Is Employer Monitoring of Employee Social Media Justified?
Social networks have been making a splash in the internet world over the past couple of years. In some studies into the monitoring of social media activity by employees has once again brought to light the various concerns and complaints that this contentious area inevitably generates. The idea of monitoring employees’ conversations has a certain Orwellian darkness that encourages accusations of privacy invasion and corporate spying. Indeed, some companies have taken this too far – some reportedly even requesting their employee’s Facebook login details. However, by and large the concept of employee monitoring – when done appropriately – seems to me to be relatively contentious. Clearly, asking employees for their Facebook passwords is several steps over the line in terms of privacy, but many of the other questions that people have raised about this area seem to make a mountain out of a molehill. While employees unquestionably have a right to express themselves in private about any issue they choose, if that employee is expressing an opinion in a public forum about their employer then it immediately becomes an area of legitimate interest for that employer. The key distinction seems to be between public and private. If an employee posts content in a private forum – for example their personal Facebook wall with security settings on – then it is not appropriate for a company to monitor that content. However, if an employee posts something mentioning their employer to an open twitter account, or on a public discussion board, then that content is open to all and is thus of legitimate interest to the employer.
The comparison with offline behaviour seems obvious. If an employee is talking to their friends in the bar about their work then that is their business and of no appropriate interest to the employer. However, if the same employee tells the same stories to a journalist then it suddenly becomes a corporate issue. Corporates have every right to monitor what their employees are saying in the press, so why shouldn’t they have the same right to monitor what is being said in similarly public outlets on the social web? There are, of course, grey areas within this debate. It is appropriate that any social media post that identifies the individual’s employer is of justified interest to that employer. However, where an individual discusses work situations without identifying the employer it is perhaps harder to justify this intrusion. The obvious line here is that companies should, by and large, restrict themselves to monitoring mentions of their brand or senior executives and should stay away from monitoring individual staff names on their own unless otherwise justified. Indeed, we have picked up significant quantities of content from client’s employees without specifically monitoring for individuals. Examples include a delivery driver who tweeted about how little work he did and an individual who expressed support for a group protesting against their employer.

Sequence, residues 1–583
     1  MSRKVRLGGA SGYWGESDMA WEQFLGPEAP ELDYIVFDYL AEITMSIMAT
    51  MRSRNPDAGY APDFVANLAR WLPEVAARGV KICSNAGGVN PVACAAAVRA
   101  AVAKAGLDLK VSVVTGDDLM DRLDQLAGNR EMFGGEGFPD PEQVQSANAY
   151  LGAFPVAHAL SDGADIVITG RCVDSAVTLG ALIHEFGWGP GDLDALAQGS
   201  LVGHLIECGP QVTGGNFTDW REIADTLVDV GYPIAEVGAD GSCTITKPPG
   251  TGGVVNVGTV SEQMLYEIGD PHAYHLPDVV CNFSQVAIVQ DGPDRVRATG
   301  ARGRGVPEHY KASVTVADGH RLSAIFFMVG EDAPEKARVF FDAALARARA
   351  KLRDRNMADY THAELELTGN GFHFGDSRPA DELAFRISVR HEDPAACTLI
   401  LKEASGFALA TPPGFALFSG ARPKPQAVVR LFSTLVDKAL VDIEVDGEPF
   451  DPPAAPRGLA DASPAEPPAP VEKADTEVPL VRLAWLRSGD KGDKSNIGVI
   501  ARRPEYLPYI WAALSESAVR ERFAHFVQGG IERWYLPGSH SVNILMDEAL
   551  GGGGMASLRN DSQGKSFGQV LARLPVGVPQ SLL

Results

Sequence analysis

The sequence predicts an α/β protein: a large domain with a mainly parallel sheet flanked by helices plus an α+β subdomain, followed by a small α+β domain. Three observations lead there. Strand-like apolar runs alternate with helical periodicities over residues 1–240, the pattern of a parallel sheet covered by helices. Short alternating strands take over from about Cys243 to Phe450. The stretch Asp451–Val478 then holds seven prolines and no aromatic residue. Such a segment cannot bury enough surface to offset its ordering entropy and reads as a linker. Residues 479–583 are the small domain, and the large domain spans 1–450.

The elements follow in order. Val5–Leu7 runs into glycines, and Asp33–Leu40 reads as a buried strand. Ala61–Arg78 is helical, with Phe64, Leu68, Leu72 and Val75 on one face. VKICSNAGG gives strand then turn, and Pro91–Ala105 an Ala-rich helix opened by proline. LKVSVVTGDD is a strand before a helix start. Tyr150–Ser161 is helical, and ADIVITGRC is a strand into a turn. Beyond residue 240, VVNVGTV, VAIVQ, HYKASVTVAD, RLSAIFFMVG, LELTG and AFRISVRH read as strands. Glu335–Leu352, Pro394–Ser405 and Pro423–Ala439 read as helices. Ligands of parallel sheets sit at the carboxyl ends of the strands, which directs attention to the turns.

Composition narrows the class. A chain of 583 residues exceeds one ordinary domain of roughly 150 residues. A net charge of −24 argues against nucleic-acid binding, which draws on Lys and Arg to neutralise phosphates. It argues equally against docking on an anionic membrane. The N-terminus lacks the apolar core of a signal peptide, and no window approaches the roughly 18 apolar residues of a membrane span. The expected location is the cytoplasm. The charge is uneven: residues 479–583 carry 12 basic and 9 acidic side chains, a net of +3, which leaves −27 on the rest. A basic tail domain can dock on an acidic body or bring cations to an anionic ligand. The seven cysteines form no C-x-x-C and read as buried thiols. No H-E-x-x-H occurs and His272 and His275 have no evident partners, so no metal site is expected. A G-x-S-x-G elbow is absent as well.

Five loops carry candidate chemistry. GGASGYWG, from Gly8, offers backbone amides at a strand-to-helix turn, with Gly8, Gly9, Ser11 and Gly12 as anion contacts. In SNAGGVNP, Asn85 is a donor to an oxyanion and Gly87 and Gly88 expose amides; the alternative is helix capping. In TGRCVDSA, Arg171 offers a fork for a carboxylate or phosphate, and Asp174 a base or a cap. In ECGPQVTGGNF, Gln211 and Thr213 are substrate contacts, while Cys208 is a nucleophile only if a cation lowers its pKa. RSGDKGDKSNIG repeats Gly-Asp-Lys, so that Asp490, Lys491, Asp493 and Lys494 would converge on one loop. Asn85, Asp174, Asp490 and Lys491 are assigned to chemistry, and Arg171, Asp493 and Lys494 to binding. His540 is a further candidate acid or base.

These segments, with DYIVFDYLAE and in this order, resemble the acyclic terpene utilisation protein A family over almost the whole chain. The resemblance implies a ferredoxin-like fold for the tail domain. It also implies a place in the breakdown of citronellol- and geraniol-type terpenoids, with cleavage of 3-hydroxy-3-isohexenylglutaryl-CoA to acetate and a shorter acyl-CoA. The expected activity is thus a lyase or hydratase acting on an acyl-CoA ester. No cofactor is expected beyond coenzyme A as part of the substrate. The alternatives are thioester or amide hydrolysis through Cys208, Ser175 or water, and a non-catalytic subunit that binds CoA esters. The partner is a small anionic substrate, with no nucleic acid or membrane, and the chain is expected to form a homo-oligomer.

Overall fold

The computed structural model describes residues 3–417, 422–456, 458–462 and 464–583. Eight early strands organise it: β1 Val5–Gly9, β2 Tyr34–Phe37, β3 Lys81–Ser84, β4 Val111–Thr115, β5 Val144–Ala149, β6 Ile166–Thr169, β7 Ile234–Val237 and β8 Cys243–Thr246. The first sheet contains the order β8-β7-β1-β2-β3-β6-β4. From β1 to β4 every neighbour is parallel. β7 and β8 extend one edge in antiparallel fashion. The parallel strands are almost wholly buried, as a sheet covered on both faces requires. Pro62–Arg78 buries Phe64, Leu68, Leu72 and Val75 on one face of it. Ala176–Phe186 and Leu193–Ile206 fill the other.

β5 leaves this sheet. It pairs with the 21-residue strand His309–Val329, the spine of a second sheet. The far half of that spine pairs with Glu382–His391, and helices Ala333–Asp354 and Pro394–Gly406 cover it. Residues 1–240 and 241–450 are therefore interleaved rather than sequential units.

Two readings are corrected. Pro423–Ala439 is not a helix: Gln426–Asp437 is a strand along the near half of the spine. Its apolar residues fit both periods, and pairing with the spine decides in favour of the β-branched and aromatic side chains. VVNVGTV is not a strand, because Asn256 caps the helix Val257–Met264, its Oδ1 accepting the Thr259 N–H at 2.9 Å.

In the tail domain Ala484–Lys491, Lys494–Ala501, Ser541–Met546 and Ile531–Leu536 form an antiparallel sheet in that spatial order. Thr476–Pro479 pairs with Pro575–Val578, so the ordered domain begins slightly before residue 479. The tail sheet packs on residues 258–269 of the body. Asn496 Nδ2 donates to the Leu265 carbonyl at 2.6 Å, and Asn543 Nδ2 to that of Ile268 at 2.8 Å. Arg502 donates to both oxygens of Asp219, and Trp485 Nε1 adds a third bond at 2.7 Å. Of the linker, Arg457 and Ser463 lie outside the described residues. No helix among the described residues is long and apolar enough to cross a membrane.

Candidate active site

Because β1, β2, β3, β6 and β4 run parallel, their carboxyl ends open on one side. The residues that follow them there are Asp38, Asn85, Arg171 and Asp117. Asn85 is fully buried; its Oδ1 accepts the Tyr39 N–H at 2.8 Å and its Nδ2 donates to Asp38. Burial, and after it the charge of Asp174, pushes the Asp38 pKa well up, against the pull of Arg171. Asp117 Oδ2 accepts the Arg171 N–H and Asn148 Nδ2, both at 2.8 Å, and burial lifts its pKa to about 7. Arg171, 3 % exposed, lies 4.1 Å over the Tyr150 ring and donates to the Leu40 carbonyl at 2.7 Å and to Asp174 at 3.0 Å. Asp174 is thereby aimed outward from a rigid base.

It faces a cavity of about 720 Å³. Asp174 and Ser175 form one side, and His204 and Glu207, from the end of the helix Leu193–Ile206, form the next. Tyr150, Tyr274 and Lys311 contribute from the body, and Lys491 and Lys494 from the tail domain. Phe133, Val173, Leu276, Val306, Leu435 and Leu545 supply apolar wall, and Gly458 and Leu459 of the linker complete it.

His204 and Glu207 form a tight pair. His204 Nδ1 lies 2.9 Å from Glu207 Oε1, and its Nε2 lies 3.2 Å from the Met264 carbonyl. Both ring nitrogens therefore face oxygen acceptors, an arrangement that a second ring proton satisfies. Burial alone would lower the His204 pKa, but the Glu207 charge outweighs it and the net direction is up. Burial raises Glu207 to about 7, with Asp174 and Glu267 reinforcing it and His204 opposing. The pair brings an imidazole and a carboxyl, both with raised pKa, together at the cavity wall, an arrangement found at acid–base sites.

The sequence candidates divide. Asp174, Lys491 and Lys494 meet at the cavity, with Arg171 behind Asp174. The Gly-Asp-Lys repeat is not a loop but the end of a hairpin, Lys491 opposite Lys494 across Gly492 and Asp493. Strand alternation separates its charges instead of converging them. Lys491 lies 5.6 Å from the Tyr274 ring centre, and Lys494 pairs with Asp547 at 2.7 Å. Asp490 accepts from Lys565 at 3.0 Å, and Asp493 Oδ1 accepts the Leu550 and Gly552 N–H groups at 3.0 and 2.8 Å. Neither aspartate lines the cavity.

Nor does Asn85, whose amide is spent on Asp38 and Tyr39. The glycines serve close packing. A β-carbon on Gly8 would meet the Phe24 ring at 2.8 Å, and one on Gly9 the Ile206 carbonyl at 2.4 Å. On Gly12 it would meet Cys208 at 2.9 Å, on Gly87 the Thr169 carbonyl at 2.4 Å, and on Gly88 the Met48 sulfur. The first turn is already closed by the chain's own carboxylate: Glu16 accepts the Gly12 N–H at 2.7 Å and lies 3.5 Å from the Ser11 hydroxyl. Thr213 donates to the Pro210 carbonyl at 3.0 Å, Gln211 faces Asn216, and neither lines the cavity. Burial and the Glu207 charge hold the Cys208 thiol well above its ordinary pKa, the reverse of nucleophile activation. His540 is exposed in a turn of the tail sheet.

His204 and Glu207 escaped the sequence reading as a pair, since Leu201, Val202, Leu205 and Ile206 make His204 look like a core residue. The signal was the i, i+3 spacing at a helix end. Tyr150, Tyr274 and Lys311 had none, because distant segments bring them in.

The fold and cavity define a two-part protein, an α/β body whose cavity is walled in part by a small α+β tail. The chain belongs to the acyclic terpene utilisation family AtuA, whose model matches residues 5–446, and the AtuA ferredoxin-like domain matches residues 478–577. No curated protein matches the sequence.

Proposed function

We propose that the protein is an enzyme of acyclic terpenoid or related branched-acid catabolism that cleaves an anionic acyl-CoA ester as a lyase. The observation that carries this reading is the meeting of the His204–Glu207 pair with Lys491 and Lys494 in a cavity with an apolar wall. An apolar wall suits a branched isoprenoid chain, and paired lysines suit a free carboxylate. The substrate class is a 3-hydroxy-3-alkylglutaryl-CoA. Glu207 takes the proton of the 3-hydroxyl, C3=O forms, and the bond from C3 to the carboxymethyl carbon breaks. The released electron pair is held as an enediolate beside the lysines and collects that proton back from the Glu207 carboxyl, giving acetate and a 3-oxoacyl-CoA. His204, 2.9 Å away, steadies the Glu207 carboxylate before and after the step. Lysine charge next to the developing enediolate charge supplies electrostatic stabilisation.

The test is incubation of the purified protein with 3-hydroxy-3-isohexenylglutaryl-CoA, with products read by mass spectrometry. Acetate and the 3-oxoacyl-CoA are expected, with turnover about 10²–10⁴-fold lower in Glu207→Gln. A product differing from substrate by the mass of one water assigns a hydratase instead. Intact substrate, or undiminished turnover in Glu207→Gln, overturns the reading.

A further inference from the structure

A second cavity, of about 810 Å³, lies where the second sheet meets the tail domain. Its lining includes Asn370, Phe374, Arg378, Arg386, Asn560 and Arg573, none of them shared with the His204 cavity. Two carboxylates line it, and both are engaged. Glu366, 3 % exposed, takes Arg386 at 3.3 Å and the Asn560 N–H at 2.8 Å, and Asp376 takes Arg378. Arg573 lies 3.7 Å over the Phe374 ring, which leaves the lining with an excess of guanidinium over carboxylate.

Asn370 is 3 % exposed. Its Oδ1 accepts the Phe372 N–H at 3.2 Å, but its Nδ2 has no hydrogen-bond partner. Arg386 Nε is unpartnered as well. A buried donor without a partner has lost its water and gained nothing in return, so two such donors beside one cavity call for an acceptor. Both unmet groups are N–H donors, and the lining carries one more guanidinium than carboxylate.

These posts – where the individual clearly named their employer – could have had a significant impact on the companies’ public reputations and therefore were of justified interest to the companies in question. Yes, there are subsequent questions about how a company should act upon this sort of information. Whether one should discipline an employee for discussing workplace conditions online could be a legal minefield, but that is an HR issue and not a monitoring one. What seems certain is that the monitoring of employees’ use of a company’s brand on the social web is not only justified but potentially highly valuable. But also while most think this is a question of moral constitution, it however is a question each employer must ask themselves if it is worth the trouble of losing the trust of their employees. So in part I believe that employers must not allow social networks to be accessed at work or during the hours of work. But the employer must also know that with technology that is continually growing it would be hard to stop, only way would be let employees know that there are punishments set in order to prevent this from occurring.